crying. antibiotic treatment of bacterial sinusitis has been shown to reduce the severity of asthma. In children. or fear) can lead to hyperventilation and hypocapnia that can cause airway narrowing Others: Rhinitis. anger. especially in children. Classification of asthma severity based on symptoms and PEF in patients presenting for the first time on no treatment Mild intermittent Mild persistent Moderate persistent Severe persistent Symptoms ≤2 days/week <2 days/week but Daily symptoms Continual symptoms not daily . Gastroesophageal reflux can exacerbate asthma.Increases in body mass index have been associated with increased prevalence of asthma(287) Emotional Stress: Extreme emotional expressions (laughing. and asthma sometimes improves when the reflux is corrected. sinusitis. Table IV. and polyposis are frequently associated with asthma and need to be treated(288).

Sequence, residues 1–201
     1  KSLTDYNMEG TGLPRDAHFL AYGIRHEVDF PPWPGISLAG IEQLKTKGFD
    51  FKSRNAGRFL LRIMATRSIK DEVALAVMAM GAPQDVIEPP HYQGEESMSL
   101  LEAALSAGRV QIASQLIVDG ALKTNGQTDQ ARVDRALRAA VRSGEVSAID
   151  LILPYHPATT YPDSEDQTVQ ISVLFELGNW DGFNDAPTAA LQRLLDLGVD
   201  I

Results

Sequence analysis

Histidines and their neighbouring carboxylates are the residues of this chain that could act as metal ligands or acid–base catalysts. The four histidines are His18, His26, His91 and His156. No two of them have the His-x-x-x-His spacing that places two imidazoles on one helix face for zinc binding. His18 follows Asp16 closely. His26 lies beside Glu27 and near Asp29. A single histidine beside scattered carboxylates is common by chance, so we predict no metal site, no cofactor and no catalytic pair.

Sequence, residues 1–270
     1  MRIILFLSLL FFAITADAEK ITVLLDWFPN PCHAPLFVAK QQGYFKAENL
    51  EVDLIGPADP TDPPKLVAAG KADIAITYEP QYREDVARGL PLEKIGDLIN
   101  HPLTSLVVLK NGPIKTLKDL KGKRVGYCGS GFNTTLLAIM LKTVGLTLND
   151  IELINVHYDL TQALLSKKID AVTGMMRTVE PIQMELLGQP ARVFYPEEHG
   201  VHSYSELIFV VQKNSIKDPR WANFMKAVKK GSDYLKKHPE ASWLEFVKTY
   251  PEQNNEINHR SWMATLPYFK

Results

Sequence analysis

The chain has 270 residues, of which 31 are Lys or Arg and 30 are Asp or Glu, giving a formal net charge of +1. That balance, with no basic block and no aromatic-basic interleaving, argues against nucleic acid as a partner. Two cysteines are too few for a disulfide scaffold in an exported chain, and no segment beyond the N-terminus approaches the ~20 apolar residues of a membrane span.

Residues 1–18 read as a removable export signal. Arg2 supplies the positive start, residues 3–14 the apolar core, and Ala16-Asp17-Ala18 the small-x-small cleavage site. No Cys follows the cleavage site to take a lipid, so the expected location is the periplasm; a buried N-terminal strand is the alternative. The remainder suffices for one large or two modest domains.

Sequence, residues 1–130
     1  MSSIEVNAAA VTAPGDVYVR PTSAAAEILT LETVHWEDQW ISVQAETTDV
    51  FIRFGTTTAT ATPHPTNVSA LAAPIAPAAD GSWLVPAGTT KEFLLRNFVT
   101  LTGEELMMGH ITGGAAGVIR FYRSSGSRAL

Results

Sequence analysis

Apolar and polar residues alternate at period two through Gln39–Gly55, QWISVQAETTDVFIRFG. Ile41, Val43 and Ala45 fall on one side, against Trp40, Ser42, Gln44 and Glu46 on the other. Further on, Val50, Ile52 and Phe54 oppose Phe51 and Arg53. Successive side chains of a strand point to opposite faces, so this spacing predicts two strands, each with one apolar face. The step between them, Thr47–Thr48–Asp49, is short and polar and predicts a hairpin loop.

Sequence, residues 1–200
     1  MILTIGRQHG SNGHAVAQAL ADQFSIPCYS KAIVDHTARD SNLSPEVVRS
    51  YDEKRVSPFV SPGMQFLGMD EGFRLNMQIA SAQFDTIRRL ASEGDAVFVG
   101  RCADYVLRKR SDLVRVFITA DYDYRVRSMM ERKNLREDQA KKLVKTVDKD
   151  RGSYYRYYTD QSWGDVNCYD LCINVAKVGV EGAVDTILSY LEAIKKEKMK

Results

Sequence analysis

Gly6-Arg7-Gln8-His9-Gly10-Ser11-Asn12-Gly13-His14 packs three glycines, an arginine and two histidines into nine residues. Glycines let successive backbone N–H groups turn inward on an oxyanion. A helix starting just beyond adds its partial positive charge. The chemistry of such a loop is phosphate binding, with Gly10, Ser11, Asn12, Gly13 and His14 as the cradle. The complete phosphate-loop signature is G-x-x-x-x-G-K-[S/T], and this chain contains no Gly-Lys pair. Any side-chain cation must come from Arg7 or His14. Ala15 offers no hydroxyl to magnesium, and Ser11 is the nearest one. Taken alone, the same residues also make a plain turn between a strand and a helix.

30% >30% >30% Treatment involves steps 1 to 5(289). the patient is asymptomatic with normal lung function and there is no nocturnal awakening. .Night-time ≤2 incidents/month 3 . regular use of reliever medication is one of the elements defining uncontrolled asthma and indicates controller treatment should be increased(291). treatment should be commenced at step 3. However. At each treatment step. Step 2 is the initial treatment for most treatment naïve patients with persistent asthma symptoms(290). Thus reducing the need for reliever medication is the measure of success of treatment. in case of severely uncontrolled symptoms. a reliever medication(rapid onset bronchodilator)should be provided for quick relief of symptoms. dyspnea occurring twice or less per week) of short duration(lasting for few hours). The steps are described as below: STEP 1: AS NEEDED RELIEVER MEDICATION Step 1 is reserved for untreated patients with occasional day time symptoms (cough. patients require regular controller treatment in addition to as needed reliever medication.between episodes.≤80% ≤60% PEF variability <20% 20 .4 incidents/month >1 incident/week Frequent symptoms but not nightly PEF (predicted) ≥80% predicted ≥80% predicted >60 . wheeze. When symptoms are more frequent or worsen periodically. provide options of increasing efficacy except for step 5 where issues of availability and safety influence the selection of treatment.